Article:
While Naples is long thought to be “not worth it” by many, specifically spurred on by a certain Reddit thread, the third largest city in Italy is now honoured with UNESCO’s World Heritage Status. More specifically, the art of pizzaiuolo – the Neapolitan pizza dough twirling and subsequent baking in a wood-fired brick oven – was approved by the UN Cultural Body’s World Heritage Committee as an “intangible heritage.”
Italy argued that the practice was part of a unique cultural and gastronomic tradition and approximately 2 million people had signed a petition to support Naples’ application.
With all that fuss, what exactly is the big deal about the art of pizzaiuolo, you might ask.
Well, the spinning and twirling of pizza dough in the air is done with the same flair as bartenders and their tin tosses mid cocktail making. Except, with the Naples pizza, it’s not just for show. The tossing is supposed to oxygenate the dough for a soft crisp pizza crust. (And if you’ve ever tried the famously light Naples pizza, we’re sure you’d agree.)
The pizzaiuolo craft has been handed down for generations,and encompasses the social ritual of songs, stories and gestures that takes place between pizza makers and diners in Neapolitan neighbourhoods. The committee said, “The culinary know-how linked to the making of the pizza, which includes gestures, songs, visual expressions, local slang, the ability to handle the dough, show oneself off and share it is an indisputable cultural heritage.”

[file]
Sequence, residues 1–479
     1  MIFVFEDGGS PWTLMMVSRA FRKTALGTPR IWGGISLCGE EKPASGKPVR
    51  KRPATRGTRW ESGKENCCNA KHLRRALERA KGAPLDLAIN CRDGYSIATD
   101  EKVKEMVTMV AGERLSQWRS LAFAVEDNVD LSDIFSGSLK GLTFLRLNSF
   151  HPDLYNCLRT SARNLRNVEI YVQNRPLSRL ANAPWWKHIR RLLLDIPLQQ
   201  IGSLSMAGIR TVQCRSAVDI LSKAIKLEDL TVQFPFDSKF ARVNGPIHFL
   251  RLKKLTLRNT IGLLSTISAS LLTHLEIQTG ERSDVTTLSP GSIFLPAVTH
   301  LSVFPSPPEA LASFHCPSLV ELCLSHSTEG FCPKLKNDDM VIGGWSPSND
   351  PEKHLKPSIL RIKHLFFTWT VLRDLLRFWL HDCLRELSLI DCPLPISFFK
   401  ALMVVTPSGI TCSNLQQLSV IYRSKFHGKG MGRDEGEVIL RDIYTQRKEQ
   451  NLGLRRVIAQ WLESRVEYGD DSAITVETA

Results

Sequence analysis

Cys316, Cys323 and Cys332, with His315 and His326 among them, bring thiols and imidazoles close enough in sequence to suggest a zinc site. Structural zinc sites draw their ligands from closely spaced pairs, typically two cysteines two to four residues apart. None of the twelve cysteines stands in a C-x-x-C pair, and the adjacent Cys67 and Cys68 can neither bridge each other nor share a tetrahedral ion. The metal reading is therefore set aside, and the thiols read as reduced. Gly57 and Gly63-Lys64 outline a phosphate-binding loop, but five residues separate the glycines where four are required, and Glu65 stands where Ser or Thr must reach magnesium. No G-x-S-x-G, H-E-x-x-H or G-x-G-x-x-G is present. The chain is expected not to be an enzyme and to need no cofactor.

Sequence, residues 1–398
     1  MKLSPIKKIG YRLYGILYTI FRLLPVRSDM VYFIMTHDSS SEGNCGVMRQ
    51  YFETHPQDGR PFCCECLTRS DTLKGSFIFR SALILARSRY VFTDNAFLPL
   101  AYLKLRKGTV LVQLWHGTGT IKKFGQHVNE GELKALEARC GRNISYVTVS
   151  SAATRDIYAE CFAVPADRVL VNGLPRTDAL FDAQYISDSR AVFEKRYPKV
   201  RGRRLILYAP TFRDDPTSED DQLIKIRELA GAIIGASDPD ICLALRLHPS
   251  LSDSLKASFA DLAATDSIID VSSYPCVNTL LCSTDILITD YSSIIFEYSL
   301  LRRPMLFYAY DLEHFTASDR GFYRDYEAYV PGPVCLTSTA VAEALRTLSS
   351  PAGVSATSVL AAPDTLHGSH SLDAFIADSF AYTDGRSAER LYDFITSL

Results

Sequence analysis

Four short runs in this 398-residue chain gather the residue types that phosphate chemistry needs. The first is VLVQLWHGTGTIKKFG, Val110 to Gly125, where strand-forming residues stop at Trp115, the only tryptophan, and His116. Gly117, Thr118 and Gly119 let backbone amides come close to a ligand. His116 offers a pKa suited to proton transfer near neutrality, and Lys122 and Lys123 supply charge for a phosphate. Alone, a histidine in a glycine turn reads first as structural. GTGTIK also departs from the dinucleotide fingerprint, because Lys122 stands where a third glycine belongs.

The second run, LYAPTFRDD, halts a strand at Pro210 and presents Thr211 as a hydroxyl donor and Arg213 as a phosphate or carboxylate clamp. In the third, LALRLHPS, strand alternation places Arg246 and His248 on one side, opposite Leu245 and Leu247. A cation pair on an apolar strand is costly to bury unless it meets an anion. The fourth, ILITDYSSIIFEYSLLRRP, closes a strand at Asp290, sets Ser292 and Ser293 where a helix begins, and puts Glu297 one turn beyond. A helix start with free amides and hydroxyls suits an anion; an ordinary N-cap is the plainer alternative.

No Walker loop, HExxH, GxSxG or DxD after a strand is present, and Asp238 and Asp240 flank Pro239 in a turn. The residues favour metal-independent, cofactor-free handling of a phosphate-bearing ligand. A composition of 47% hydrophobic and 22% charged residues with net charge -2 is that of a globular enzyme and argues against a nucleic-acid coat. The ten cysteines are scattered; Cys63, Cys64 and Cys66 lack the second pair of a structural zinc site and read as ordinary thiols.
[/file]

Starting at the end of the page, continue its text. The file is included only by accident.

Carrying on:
UNESCO’s list of “intangible heritage” was set up in 2003, mainly to raise awareness, and altogether today consists of more than 350 traditions and crafts. These traditions range from the better known practices of Spanish flamenco dancing, to the more obscure items such as a Mongolian camel coaxing ritual.
The list is dedicated to practices, representations, expressions, knowledge and skills that communities recognise as part of their cultural heritage with performing arts, traditional skills and oral traditions included. The list runs alongside the better known “tangible” heritage list that covers buildings, monuments and artifacts.
According to The Guardian, Saudi Arabia and Kyrgystan was also among those celebrated this year, with al-Qatt al-Asin, elaborate interior wall paintings traditionally created by women, and the horseback game of Kok Boru, where players score points by putting a goat’s carcass in an opponent’s goal, being recognised.